A few days ago, I posted on the subject of a Massachusetts dangerous products lawsuit involving an inflatable swimming pool slide and Toys R Us, where almost $21 million was awarded in 2006 by a Massachusetts jury to the family of a woman killed in an accident due to this defective product.
Very recently, Toys R Us appeared before the Massachusetts Supreme Court to argue that the jury’s award be overturned. Why? Because of a legal technicality, of course.
Attorneys for Ms. Aleo’s husband argued that pool slides have been governed by a U.S. Product Safety Commission standard since 1976, which they contend, applies to all types of pool slides, regardless of what material they consist of. Toys R Us contends that the standard was meant to apply to rigid (permanently installed, fixed) slides only, and not the inflatable, flexible slides that have increased in popularity in recent years. Mr. Aleo’s aunt and uncle bought the slide from Toys R Us through Amazon.com. It should come as little surprise to anyone that Toys R Us had imported the pool slides from China, where they were originally manufactured. Aleo’s attorneys asserted that the inflatable slide was never tested for safety, and that the product carried no required certification that it had been tested for safety.
So, the primary legal issue here? Whether or not 1976 Consumer Product Safety Commission regulation relied on by Aleo’s family applies to inflatable pool slides, or only to rigid, permanently installed pool slides. Toys R Us argues that because inflatable slides did not exist when the regulation was enacted in 1976, that it does not apply to inflatable slides. The company claims that the regulation set out performance standards that were designed for rigid slides, and that those standards could not be met by an inflatable slide made of malleable fabric. Aleo’s attorneys argued at trial, and still argue now, that the regulation in question applies to all swimming pool slides “regardless of the materials of manufacture or structural characteristics.”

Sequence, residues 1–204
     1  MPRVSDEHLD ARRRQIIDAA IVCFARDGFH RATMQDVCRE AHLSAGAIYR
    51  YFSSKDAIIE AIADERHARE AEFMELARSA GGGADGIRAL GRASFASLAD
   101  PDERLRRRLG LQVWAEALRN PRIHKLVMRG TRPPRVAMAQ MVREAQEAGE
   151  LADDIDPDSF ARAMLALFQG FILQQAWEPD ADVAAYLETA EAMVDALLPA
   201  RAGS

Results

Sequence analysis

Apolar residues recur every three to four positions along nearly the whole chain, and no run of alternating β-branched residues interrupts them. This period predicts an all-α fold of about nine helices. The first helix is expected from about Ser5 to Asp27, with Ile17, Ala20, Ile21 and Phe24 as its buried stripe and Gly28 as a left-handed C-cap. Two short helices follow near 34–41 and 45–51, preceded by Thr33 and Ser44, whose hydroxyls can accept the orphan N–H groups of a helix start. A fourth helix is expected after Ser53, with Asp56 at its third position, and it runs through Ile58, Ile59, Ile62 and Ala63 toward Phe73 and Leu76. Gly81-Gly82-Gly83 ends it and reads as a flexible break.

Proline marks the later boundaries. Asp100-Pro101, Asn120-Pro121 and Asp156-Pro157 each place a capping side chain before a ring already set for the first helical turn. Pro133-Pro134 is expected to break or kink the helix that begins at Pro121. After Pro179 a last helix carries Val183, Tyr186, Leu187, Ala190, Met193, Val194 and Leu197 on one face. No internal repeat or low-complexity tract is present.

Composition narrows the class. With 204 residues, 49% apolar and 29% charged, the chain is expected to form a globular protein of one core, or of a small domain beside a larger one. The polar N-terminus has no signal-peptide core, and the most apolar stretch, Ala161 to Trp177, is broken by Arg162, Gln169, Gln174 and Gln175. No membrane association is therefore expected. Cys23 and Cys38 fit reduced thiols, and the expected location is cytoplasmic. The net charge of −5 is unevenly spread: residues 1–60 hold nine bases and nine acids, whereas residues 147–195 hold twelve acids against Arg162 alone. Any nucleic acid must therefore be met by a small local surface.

Toys R Us has also advanced two other legal issues on appeal here: 1) Whether, as Toys R Us claims, the trial judge allowed Aleo’s attorneys to “inflame” the jury by alleging that Toys R Us imported an “illegal” product because the pool slide did not meet required safety regulations. 2) Whether the trial judge correctly refused to allow rebuttal testimony of some witnesses who said that Mrs. Aleo had “jumped” or “dived” off the slide head-first. Witnesses for Mrs. Aleo’s husband testified during the 2006 trial that Mrs. Aleo had slid down the slide.
A lot is at stake here: The 2011 Salem Superior Court jury had awarded Mrs. Aleo’s estate $20.6 million, including $2.5 million in anticipated lost income from Mrs. Aleo’s career as an advertising and marketing executive, $100,000 for pain and suffering that she endured before her death, and $18 million in punitive damages. Toys R Us also claims that the $18 million punitive damages award was “grossly excessive.” Other than that, the company has offered no comment. Interestingly, after the trial’s jury verdict, the CPSC announced in May 2012 that both Toys R Us and Wal-Mart stores had issued a recall for the pool slides, citing Mrs. Aleo’s death as well as injuries suffered by two other victims, including a 24-year-old man from Springfield, Mo. That man was rendered a quadriplegic in a pool accident similar to the one Mrs. Aleo died from, and a woman from Allentown, Pa., who fractured her neck in a similar accident to the Aleo tragedy.
The Aleo verdict has, predictably, drawn in the larger toy industry association to this important case. The Toy Industry Association Inc., a trade group consisting of nearly 600 manufacturers and retailers that account for about 85 percent of annual sales in the U.S. domestic toy market, jumped into the fray, filing a friend-of-the-court brief supporting Toys R Us in its appeal.
This is one why Massachusetts defective product injury cases can become so complex, and why Massachusetts dangerous products lawsuits require a highly-experienced law firm: The damages tend to be very high, and these corporate defendants fight these cases tooth-and-nail. As a Boston, Massachusetts defective products injury lawyer, I’ve seen these cases far too many times. To me, they exemplify just how callous corporate America can be when it comes to consumer safety. And many products are still this unsafe, this bad, despite laws against unsafe products. Stop for a minute, and imagine how unsafe a huge amount of products would be, if these cases are blocked from the court system altogether.
That’s what “tort reform” is all about. Still confused? Get your hands on the HBO documentary “Hot Coffee.” Watch it. Learn. Speak up.
Or your dangerous products case may be the next one shut out of the courtroom.